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A Brief History of Office Administration

June 4, 2014

Today’s offices offer their services to clients around the world as well as to the global online marketplace. An office without a skilled office administrator would be like a ship without a captain. Employees need structure and to be able to rely on various administrative structures in order to perform to the best of their abilities while keeping up with the challenging pace of business. To be successful as an office administrator, you’ll need specialized training, such as payroll training and accounting courses, as well as:

  • Good communications and coordination skills
  • A knack for managing your time well
  • The ability to learn new software to process documents
  • Be attentive to details
  • Be a people person
  • Show initiative
  • The ability to work well under pressure
  • Be able to juggle tasks and priorities
  • Be a team player!

Office administrators often work with to-do lists, adding or crossing out items as the day goes on. This system can be very satisfying, such as when crossing out all items from a list on a given day of work. Though an office administrator’s exact job description will change depending on the employer, his or her duties can include payroll tasks, adjusting the budget, producing reports, training staff members, or personnel decisions like conducting interviews or having to let someone go.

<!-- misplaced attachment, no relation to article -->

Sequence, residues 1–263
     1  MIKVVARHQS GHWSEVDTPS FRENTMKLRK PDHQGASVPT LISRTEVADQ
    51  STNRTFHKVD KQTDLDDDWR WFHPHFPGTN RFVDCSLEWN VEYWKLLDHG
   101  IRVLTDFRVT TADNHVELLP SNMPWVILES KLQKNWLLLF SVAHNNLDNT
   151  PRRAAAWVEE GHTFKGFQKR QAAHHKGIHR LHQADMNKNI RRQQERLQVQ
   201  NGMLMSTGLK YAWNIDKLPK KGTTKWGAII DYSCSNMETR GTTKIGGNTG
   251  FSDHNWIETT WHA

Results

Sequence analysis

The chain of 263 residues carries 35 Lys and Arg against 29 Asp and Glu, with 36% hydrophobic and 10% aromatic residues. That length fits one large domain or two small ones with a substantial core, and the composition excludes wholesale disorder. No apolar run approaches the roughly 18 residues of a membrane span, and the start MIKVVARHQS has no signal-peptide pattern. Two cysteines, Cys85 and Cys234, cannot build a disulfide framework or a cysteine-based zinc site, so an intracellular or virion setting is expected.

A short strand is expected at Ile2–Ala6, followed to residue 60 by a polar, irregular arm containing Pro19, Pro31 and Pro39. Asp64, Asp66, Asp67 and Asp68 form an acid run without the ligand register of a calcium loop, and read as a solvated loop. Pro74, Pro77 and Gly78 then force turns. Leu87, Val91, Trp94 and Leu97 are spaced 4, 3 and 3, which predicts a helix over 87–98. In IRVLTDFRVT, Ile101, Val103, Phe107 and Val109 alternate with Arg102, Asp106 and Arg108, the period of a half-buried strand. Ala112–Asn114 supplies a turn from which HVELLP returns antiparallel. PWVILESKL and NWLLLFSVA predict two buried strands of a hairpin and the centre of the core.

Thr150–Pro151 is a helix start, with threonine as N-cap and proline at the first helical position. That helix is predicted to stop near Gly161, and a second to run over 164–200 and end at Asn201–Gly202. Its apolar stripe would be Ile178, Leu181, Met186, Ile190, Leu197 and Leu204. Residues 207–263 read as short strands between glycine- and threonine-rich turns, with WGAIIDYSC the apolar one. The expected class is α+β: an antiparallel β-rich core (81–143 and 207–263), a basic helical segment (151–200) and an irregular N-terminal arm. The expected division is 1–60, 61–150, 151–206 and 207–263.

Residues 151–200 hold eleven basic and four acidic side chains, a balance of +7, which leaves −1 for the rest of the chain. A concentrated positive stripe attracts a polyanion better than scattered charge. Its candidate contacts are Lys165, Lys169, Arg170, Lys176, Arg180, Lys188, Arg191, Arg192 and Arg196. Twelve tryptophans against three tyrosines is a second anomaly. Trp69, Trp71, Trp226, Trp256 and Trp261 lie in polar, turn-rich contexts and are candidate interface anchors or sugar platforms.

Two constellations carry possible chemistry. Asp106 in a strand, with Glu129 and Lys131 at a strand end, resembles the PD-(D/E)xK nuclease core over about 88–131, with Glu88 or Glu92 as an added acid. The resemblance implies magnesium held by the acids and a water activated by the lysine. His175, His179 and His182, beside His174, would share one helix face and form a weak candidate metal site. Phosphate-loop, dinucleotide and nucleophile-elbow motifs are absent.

The office administrator’s position also allows them to interact in person with people at different levels of the company, from the lowly intern to the professional with medical office assistant training to important upper-level management. This means the office administrator will need to hear the suggestions and ideas of staff members on the office floor, yet understand and implement management’s priorities. Lastly, this type of position offers great possibilities for career advancement over time, as the office administrator will become familiar with many different roles in the company.

The office administrator, then and now

As the office workplace has evolved over time, so too has the role of the office administrator. At one time, even as recently as two or three decades ago, the duties related to administration and support went to secretaries, and though they possessed plenty of experience and a proven track record, they rarely advanced to a leadership position, instead being tasked with personal assistant duties like preparing coffee, scheduling meetings and bringing clothes to the dry cleaners.

Today’s office administrator, in comparison, is a dedicated professional whose expertise and skillset can allow him or her to stand out in the eyes of upper management. The role is now much more focused around improving office efficiency to generate higher revenues. The administrator is usually encouraged to be proactive and put in place new action plans that will ensure that the office runs smoothly at all times. In the end, office administrators are usually one of the most visible employees on the office floor. Their ideas, efforts and skills often determine the culture and tone of the entire company.

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